It turns out Cuomo was wrong.
If his numbers yesterday are correct, if the graph of New York coronavirus cases and deaths has juked unexpectedly upward, then he was wrong.
Tragically, fatally wrong.
And New York City and the nation will probably suffer unimaginably as a result.
If the numbers are correct, and if social distancing and the flatten-the-curve approach are correct, then Cuomo should have ordered his New York Pause some three weeks earlier. And he should have embraced – instead of killed – Mayor Bill de Blasio’s consideration of a complete shutdown of New York City.
But he didn’t. And as a result, America’s largest city has become a new ground zero, to such an extent that a presidential advisor has recommended all people leaving the city self-quarantine for 14 days, to reduce the likelihood of taking the disease with them across the face of the nation.
The dramatic uptick in coronavirus numbers released Tuesday by Gov. Andrew Cuomo seems to indicate that early New York efforts to control the disease were almost worse than ineffective. The pattern of spread is not as bad as the projections of what would happen if nothing was done to fight the disease – they are worse.
Which means that the governor can hold a good press conference, but he’s not that good at protecting his state and its largest city.
That conclusion, of course, presumes that what we’re being told about the coronavirus is accurate, that our various projections of spread and theories of containment are right. Public health and political leaders have defined the coronavirus pandemic in America as a matter of keeping the number of critical patients below the number of available intensive-care hospital beds, and of achieving that – in the absence of a vaccine – by social distancing arrived at through a combination of personal actions and government-ordered social shutdowns.
It is a logical argument.
But the irony of coronavirus social restrictions is that we are being asked to trust politicians and public health officials who created this dilemma by failing to adequately prepare our medical system for the foreseeable eventuality of a respiratory epidemic.
We are being asked to accept the flatten-the-curve paradigm by the same medical and government people – and the same governor – whose paradigm of hospital preparation created the problem which is currently crippling our country, and which may fundamentally weaken our personal and national finances for years to come.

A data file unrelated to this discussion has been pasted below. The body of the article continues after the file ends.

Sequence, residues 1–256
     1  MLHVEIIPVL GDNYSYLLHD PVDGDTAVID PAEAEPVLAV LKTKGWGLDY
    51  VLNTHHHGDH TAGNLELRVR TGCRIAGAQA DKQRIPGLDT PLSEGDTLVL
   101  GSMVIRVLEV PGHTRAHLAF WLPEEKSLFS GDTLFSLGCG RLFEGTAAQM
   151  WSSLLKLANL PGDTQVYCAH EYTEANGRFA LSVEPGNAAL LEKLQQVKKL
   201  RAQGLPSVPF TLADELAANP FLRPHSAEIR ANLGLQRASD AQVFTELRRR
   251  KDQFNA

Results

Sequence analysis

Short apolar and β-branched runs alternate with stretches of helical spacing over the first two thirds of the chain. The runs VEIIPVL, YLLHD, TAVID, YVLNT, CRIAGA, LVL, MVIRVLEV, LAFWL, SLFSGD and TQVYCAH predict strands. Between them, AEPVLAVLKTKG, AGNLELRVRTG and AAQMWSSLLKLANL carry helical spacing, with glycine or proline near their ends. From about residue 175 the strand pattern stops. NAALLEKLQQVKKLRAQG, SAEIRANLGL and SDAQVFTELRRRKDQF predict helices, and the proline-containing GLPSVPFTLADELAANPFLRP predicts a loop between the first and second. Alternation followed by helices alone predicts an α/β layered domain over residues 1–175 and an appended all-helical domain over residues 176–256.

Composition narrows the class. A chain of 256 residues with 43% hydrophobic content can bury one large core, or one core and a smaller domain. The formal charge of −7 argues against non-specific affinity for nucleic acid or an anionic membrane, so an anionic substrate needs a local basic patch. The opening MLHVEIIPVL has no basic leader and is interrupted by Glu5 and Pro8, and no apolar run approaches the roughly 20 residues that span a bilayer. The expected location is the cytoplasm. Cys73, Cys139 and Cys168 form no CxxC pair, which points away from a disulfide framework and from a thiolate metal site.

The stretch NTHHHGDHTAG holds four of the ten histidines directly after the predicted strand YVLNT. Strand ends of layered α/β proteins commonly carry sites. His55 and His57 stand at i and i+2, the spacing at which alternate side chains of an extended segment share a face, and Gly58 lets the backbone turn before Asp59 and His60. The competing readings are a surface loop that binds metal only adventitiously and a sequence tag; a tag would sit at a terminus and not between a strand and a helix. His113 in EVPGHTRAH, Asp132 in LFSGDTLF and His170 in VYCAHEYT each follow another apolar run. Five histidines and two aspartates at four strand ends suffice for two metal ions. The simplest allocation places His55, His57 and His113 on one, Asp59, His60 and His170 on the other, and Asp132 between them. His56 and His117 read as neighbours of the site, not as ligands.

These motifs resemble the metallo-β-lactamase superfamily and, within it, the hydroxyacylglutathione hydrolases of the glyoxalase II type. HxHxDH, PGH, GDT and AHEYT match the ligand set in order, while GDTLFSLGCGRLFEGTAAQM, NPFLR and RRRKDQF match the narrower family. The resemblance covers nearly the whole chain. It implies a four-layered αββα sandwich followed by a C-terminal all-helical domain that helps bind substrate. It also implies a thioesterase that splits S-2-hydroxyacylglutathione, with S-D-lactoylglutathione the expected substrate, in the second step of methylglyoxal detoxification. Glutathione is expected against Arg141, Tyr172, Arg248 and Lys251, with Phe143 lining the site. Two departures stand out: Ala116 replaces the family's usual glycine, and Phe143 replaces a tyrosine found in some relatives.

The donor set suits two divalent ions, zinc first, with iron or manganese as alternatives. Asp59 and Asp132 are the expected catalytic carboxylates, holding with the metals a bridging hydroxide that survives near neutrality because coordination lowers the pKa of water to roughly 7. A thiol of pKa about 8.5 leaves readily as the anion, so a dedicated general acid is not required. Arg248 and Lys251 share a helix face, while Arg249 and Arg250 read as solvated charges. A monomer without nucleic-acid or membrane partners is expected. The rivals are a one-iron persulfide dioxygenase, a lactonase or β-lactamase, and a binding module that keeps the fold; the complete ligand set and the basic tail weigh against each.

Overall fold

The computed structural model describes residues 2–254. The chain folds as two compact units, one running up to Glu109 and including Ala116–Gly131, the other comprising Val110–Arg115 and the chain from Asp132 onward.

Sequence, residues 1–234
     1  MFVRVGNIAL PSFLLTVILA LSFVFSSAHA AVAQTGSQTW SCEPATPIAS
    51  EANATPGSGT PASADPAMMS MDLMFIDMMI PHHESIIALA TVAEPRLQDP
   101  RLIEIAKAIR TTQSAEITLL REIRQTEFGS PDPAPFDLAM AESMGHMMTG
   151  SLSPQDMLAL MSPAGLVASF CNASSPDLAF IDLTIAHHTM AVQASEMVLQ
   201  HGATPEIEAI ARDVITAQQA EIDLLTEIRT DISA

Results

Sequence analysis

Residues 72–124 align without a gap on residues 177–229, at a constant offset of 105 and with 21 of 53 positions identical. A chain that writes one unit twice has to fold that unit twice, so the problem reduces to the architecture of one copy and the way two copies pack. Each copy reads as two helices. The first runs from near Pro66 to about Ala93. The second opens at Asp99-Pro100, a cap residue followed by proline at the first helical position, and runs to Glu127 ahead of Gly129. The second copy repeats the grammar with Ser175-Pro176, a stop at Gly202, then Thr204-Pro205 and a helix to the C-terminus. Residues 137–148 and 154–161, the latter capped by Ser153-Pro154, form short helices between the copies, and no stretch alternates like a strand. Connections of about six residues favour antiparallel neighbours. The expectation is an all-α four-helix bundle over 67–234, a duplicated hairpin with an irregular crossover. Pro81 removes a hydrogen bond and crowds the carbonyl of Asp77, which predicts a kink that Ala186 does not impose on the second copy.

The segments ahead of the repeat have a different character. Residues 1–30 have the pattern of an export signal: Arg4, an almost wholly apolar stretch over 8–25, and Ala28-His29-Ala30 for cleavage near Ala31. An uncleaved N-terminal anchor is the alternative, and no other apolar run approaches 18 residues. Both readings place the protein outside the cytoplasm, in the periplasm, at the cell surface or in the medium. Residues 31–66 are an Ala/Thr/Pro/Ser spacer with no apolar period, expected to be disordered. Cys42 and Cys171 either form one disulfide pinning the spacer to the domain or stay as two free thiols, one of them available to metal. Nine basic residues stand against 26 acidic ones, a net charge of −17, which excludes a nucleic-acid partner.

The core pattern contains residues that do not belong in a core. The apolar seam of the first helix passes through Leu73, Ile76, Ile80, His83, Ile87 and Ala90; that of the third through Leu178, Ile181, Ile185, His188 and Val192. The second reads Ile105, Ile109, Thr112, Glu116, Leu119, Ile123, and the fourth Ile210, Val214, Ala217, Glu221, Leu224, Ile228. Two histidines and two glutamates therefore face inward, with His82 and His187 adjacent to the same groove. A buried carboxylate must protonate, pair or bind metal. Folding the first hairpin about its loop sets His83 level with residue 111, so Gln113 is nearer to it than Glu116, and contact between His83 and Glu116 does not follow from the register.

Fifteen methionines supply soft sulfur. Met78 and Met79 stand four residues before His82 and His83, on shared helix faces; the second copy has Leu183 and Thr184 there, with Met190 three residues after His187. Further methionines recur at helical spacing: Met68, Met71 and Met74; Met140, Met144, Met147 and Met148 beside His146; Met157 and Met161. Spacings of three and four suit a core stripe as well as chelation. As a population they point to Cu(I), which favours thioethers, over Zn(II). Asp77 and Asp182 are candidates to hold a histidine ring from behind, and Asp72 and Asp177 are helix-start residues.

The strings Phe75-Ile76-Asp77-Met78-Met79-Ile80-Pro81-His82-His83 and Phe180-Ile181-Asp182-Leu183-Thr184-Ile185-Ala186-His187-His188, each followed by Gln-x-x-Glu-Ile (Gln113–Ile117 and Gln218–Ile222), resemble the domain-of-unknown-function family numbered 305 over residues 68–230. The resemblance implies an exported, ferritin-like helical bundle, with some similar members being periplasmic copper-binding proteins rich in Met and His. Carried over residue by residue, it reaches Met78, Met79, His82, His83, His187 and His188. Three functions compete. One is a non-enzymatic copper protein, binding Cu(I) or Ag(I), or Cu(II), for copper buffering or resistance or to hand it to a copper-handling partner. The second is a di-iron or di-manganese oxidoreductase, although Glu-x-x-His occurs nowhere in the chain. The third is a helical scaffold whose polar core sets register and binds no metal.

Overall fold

Cuomo in 2015 was advised he was 16,000 respirators short of what he would need in the event of an epidemic. He was told he had one-ninth of the number he needed. But instead of buying more, as he was advised, he chose to commission a panel to create a rubric for – in the event of having more patients than respirators – deciding who would be denied a respirator in the case of an emergency.
That means he decided that, in the event of an epidemic, eight-ninths of critically ill New Yorkers would have to die.
That’s the Matilda’s Law that matters.
And now, as the respirator chickens are coming home to roost, and New Yorkers are dying by the dozens daily, Cuomo’s plan is unraveling. Preparations were based on a worst-case scenario of 110,000 critically ill patients at the epidemic’s peak, and the governor now believes it will be 140,000. And instead of that peak arriving in 45 days, it will be here in 14 or 21. That makes the peak much higher and much sooner than the governor anticipated, and that change came about after the implementation of three weeks of steady gubernatorial control.
He’s got great confidence, and he gives nice psychological counseling, but it’s not working.
At the root is humanity’s consistent weakness at predicting the future. People can make nice arguments and show pretty charts and graphs, but nobody knows what tomorrow brings. And nobody knows beforehand if universally accepted theories are right.
That left Cuomo without a crystal ball, and relying completely upon the social distancing flatten-the-curve approach. And Tuesday showed that thus far that hasn’t worked.
At least not yet. If flatten-the-curve is right and it can be achieved by social distancing, then after another two or three weeks – when the effects of the New York Pause may have kicked in – things should be expected to improve. If all the hypotheticals line up, there should be a decline in the rate of growth of new cases and deaths – not that the peak has been reached, but that the pause has started to choke off the spread.
But, again, humans aren’t good at predicting the future.
None of this should be discouraging, or take anybody by surprise. Failure is often part of the process of success. Many wars have been won by generals who lost battles. The Union Army lost Bull Run, but won Appomattox. America lost at Pearl Harbor, but won at Nagasaki.
The fight against this pandemic is a journey of discovery, and failure can teach you as much as success.
Andrew Cuomo has lost the opening round of the fight against the coronavirus, but hopefully can learn from that to help him fare better in the rounds that still lie ahead of us.